Saturday, September 27, 2008
This is a picture of the entire quilt. I read an article about a quilt show once where these ladies from some extremely impoverished county down south (in Gee's Bend, Alabama) were sent all sorts of clothes from charity organizations. In fact, they were sent so many, that they couldn't use them all and cut them up and made quilts out of them. And the article said that they would make these quilts starting very young and even the oldest women would help. And someone discovered the quilts and made a huge show about for them in NYC, and they were so popular at the show, that they inspired the quilt USPS stamps that you saw last year about this time. Anyway, one of the quilts inspired this one (though mine is certainly not up for any prices in NYC), because it had three panels like this one and lots of textures.
Mags staring at the quilt during the photo shoot, wishing that she could step on it. But I told her to stay, and that's exactly what she did. :) Good puppy.
The backing. For some reason you always see pictures of the backing in magazines, so I always take pictures of them, even when the backing is boring (like in this case). It's probably just so if anyone wants to buy it, they can feel assured that there isn't a nightmare causing pattern on the back of their baby quilt.
Friday, September 26, 2008
Tuesday, September 23, 2008
Thursday, September 18, 2008
What's a Hoosier??
Back when Indiana was still a territory and not a legal state, about 1/3 of the property was owned by a man named Hoosier. He was (obviously) a very wealthy farmer. But besides being a very wealthy farmer, he was sympathetic to the plight of the slaves in the south. And he would hire slaves who had escaped their bondage in the south, and would pay them decent wages and give them homes to live in. These escaped slaves were called Hoosiers since they worked on the Hoosier farm. And when Indiana became a state all Indiana residents adopted this familiar name. I must say, I've never been so proud to take the name Hoosier in all my 2.5 years of living here. Bravo, Mr. Hoosier!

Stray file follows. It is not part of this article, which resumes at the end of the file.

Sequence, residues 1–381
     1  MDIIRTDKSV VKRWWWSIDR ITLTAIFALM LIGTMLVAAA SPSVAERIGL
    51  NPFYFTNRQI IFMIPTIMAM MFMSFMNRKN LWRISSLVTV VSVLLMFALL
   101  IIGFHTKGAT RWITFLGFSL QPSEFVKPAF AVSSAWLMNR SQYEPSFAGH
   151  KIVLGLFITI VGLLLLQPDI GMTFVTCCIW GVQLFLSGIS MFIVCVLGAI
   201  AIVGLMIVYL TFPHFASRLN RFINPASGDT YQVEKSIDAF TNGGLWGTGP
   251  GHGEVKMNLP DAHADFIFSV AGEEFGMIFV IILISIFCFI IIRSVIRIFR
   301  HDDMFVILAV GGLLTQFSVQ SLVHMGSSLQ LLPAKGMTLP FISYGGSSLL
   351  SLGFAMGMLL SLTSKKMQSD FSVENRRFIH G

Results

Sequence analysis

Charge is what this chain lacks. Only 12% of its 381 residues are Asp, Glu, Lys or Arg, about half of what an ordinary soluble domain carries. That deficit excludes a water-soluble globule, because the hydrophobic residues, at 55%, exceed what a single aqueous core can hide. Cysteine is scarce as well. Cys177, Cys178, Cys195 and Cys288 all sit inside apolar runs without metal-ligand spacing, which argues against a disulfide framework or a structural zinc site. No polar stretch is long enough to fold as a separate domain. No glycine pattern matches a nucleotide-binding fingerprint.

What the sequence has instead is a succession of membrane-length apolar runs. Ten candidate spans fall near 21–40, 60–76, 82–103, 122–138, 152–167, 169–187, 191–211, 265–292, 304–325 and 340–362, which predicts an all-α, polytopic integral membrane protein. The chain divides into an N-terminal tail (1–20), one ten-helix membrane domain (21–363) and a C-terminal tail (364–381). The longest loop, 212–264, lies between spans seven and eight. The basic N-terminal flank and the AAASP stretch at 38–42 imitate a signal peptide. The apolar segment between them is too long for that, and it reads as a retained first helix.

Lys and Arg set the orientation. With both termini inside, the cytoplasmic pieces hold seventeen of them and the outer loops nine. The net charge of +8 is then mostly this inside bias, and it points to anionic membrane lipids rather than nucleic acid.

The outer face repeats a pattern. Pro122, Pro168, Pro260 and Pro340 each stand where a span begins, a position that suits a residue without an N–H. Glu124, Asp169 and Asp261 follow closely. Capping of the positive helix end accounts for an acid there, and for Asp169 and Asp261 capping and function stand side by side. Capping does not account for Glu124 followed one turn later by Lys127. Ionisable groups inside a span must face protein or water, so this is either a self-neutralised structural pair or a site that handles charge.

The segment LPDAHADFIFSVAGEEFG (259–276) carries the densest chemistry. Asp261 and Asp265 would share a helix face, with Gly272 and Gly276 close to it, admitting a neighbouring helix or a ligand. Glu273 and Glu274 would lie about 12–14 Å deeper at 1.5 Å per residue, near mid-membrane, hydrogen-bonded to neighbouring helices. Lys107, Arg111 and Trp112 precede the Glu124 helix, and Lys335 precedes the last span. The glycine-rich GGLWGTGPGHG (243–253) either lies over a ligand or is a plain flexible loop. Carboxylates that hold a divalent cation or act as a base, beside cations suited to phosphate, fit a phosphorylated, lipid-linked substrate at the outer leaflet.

Monday, September 15, 2008
Things I'm Excited to Wear Now That It's Fall
I do realize that this may make me come off as a little... er... vain... but it is so much fun to dig through your closet and remember all the stuff you have that you haven't seen for 6 months.
- My collection of assorted long sleeve black t-shirts (I say “assorted” even though their all technically the same, because really they are all very different. Really.)
- My wine colored patent-leather toe-peeks
- All my cool copper colored stuff (like my copper-colored watch that Peggy made me, copper-colored eye stuff)
- My skinny jeans (I only wear them with boots)
- My Michigan State sweatshirt (which, sadly, is starting to look worn… this is double sad because it was my graduation present to myself and it’s a really nice one and took some serious beatings since it has lived with me)
- My fall colored scarf (can’t wait for it to get about 20 degrees colder, because this is one of my favorite articles of clothing. Beth made it for me and it’s so long it comes down to my knees even when it’s wrapped twice)
- My gold Italian leather purse that Rhonda traded me for my extra DVD player
- My wide black leather belt that I got at the Gap for $4 and that Brian thinks is scary
- My long-sleeved blue button up that my mom got me when I got my job at DRMS (I know, a blue button up isn’t usually cause for great excitement, except this is literally the only button up I have ever owned that fits right)
Speaking of my mom, she’s getting cataract surgery today (very exciting). So, I’m sure she’d appreciate prayers that everything will go smoothly. I’m guessing that she will have never seen as clearly as she will see in a day or two (she’s always had poor vision).
Tuesday, September 02, 2008
Here's me and Brian's shadows at Sleeping Bear Dunes. Turns out Sleeping Bear Dunes is about 3 miles of hilly sand. Who knew? It also seems to be quite the international hot spot it was quite crowded and most of the rest of the people were speaking other languages. It was really fun to hear them all.